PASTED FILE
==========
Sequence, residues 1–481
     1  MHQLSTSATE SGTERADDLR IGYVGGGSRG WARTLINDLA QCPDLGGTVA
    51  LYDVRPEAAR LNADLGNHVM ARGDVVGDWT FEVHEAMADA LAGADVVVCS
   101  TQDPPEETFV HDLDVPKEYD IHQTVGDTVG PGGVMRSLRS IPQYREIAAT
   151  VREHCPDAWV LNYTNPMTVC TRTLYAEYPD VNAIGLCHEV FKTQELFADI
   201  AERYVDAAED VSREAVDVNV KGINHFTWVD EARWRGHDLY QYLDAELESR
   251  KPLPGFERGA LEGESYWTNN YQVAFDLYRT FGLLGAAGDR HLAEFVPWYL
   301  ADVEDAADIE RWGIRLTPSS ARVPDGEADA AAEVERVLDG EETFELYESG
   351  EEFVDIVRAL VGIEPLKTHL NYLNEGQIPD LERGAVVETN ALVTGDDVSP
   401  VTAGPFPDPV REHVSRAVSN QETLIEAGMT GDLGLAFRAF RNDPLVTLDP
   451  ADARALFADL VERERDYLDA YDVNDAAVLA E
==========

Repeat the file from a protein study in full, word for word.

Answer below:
Sequence, residues 1–481
     1  MHQLSTSATE SGTERADDLR IGYVGGGSRG WARTLINDLA QCPDLGGTVA
    51  LYDVRPEAAR LNADLGNHVM ARGDVVGDWT FEVHEAMADA LAGADVVVCS
   101  TQDPPEETFV HDLDVPKEYD IHQTVGDTVG PGGVMRSLRS IPQYREIAAT
   151  VREHCPDAWV LNYTNPMTVC TRTLYAEYPD VNAIGLCHEV FKTQELFADI
   201  AERYVDAAED VSREAVDVNV KGINHFTWVD EARWRGHDLY QYLDAELESR
   251  KPLPGFERGA LEGESYWTNN YQVAFDLYRT FGLLGAAGDR HLAEFVPWYL
   301  ADVEDAADIE RWGIRLTPSS ARVPDGEADA AAEVERVLDG EETFELYESG
   351  EEFVDIVRAL VGIEPLKTHL NYLNEGQIPD LERGAVVETN ALVTGDDVSP
   401  VTAGPFPDPV REHVSRAVSN QETLIEAGMT GDLGLAFRAF RNDPLVTLDP
   451  ADARALFADL VERERDYLDA YDVNDAAVLA E